Only a few minutes into my adventure—playing as Tungdil Goldhand, the young dwarf on a quest—I came across the first of many times that the plot of Heitz’s novel stomps on my fun. I’m travelling across an overhead map in the style of a board game, with pieces moving along a gridwork of paths and roads. At each grid intersection, a chance encounter, town, or event pops up.
On this occasion, the encounter window tells me I’ve found an abandoned camp and fire ring. Do I want to start a fire and bed down, or should I be extra cautious and climb into a tree? Not seeing any reason why I should be paranoid enough to sleep in a damn tree, I sack out. The next window informs me that an orc stabbed me in my sleep, and I am now dead. No ceremony, no preamble. Dead dwarf, game over.
I had to load my most recent save because, according to a friend who has read the series, Tungdil sleeps in the tree in the book. It may be faithful to the source material, but if I played D&D with a DM who concluded a short introduction with “...and a piano drops on you and you die; let’s start again,” I would not hang around that game for very long.
After reloading and sleeping in the tree, Tungdil wakes up to see an orc warband (surprise!) set up camp below him. After they leave, an encounter window gives me my options: climb down, or wait up in the tree to make sure the coast is clear. Well, you don’t have to stab this dwarf in the gut more than once to teach him some caution, so I wait in the tree. Nothing happens, says the encounter window. Do I want to wait some more?
I chose the option to wait in the tree a dozen times, waiting for something to happen. Nothing ever does; the plot didn’t move on until I climbed down. These false choices are everywhere: maybe saying hello to a traveling caravan will give me an opportunity to buy some supplies; maybe meeting a character in that caravan is absolutely critical, and walking past it is game over. An RPG is a game about choices, yes, but Dwarves is a game in which some choices are meaningless and some choices are momentous, and there’s no telling which is which. I found myself quick-saving every few minutes.
For being so devoted to the plot of the book, sadly, this is a rendition of The Dwarves that did absolutely nothing for me as an introduction to this world. Names washed over me, signifying nothing, as though I was making introductions at a friend’s family reunion: Vraccas, Tion, Girdlegard, Bo?ndal, Älfar. A narrator delivers some pretty talented voice work, including what sound like direct dialog quotes from the book, but not being able to understand the references pulled me out of the game. The whole story wraps up in about 11 hours, reminding me again and again that I was playing a Wikipedia-level summary of a much more interesting story.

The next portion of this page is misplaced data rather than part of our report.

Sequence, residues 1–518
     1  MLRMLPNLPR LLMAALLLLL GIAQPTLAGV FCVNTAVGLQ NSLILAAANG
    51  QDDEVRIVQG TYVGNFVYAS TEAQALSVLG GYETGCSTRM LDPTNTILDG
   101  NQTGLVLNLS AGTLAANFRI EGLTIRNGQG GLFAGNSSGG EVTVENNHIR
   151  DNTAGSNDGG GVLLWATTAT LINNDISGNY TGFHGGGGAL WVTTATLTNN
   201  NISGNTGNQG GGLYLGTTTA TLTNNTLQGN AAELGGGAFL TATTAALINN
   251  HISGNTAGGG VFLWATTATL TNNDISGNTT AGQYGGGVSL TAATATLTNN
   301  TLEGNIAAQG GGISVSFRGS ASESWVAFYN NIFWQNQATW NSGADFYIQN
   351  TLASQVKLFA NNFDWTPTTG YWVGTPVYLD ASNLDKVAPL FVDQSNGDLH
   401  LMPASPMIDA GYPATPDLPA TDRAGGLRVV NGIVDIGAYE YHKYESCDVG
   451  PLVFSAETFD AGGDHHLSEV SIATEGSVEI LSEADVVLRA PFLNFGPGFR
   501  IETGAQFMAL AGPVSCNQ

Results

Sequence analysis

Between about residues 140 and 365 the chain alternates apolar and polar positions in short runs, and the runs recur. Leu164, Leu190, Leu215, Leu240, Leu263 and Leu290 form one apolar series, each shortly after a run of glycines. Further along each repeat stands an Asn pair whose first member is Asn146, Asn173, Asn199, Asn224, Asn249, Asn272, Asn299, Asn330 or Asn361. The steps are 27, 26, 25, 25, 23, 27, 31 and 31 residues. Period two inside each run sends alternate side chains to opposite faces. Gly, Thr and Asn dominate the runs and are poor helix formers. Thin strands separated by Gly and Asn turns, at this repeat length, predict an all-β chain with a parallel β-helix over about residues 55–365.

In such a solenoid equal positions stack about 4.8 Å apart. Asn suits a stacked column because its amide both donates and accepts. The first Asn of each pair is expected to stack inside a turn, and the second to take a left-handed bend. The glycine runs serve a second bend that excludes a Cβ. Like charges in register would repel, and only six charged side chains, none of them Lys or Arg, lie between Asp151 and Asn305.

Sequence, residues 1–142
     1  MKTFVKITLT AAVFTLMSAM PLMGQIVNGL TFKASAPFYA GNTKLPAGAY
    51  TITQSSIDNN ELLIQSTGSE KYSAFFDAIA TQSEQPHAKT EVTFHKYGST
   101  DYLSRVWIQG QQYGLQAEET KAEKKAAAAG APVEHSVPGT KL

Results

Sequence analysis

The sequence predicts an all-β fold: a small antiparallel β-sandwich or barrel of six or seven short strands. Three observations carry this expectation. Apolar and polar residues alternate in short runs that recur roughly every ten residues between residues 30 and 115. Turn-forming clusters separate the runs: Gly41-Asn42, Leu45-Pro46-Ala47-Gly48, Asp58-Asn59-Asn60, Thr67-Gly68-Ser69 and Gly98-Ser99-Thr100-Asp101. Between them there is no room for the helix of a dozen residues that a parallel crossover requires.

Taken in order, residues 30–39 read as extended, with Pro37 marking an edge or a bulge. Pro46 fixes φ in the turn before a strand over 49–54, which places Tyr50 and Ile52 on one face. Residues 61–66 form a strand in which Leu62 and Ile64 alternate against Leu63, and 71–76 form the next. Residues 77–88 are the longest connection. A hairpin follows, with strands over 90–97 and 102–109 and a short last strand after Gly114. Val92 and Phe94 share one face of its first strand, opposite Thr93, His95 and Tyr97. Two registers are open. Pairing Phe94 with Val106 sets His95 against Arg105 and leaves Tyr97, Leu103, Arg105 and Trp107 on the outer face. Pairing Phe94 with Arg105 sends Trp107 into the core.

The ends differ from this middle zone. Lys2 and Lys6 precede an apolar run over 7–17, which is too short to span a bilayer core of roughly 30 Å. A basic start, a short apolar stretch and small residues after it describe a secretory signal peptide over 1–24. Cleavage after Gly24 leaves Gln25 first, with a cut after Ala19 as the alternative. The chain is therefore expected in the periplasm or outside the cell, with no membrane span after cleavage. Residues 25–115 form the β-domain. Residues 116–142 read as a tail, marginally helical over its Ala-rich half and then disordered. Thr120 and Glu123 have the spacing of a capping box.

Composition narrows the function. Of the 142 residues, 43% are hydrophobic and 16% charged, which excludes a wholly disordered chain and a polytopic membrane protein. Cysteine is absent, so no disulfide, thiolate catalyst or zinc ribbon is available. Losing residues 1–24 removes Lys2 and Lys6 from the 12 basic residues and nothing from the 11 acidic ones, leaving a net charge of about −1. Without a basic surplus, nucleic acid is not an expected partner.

When Tungdil isn’t clicking around, exploring this and that and getting quests to here and there, The Dwarves spends a lot of time in combat. It’s a standard party-based tactical RPG set-up: overhead camera, pause at any time, give orders, deploy special skill attacks set to cool-down timers. This design is serviceable in a lot of other games, but it stumbles badly here.
The members of your party automatically attack the nearest enemy and pound them steadily with a basic attack until you give an order to use a special skill, which is actually pretty nice to see. Unfortunately, the basic attacks are useless, so the special skill attacks do all the heavy lifting. After some trial and error, I discovered that using basic strategy and smart party placement isn’t nearly as important as making sure that all of your fighters use as many of their special attacks as often as possible. The best way to make it through a tough fight is to pause often, switch characters constantly, and throw around those special attacks the instant their timers expire.